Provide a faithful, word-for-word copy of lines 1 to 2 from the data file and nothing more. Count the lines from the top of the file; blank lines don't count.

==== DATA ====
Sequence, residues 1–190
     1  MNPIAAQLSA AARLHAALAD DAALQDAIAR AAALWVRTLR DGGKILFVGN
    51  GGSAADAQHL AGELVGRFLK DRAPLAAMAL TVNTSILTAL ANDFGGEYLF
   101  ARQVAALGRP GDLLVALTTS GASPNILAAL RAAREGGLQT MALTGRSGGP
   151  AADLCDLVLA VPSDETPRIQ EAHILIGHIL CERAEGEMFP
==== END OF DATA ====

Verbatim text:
Sequence, residues 1–190
     1  MNPIAAQLSA AARLHAALAD DAALQDAIAR AAALWVRTLR DGGKILFVGN